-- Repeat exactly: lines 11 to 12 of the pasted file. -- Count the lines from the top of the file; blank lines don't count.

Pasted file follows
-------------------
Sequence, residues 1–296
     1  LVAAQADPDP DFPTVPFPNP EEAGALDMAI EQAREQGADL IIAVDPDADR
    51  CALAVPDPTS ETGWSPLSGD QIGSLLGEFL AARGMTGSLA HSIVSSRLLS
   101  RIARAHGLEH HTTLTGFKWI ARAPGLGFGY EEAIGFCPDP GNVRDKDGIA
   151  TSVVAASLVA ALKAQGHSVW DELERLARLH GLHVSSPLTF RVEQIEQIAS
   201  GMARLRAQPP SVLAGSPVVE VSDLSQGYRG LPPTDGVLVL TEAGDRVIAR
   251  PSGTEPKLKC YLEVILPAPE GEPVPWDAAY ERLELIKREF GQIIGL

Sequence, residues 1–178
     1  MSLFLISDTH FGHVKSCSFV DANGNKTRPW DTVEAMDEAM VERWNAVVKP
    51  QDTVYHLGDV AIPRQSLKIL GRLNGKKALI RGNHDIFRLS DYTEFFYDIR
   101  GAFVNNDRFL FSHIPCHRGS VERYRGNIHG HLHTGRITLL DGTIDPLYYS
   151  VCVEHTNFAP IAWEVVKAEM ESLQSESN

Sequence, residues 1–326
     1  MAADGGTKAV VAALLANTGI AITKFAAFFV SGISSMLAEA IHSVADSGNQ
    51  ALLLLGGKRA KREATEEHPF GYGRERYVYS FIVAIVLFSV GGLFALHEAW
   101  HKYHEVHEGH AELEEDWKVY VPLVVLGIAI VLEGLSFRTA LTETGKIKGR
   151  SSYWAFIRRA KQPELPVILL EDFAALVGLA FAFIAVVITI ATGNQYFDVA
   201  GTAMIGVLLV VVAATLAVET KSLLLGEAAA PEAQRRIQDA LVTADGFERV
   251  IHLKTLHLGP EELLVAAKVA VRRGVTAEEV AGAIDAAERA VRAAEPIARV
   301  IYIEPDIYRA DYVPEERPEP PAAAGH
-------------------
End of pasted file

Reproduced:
   101  GAFVNNDRFL FSHIPCHRGS VERYRGNIHG HLHTGRITLL DGTIDPLYYS
   151  VCVEHTNFAP IAWEVVKAEM ESLQSESN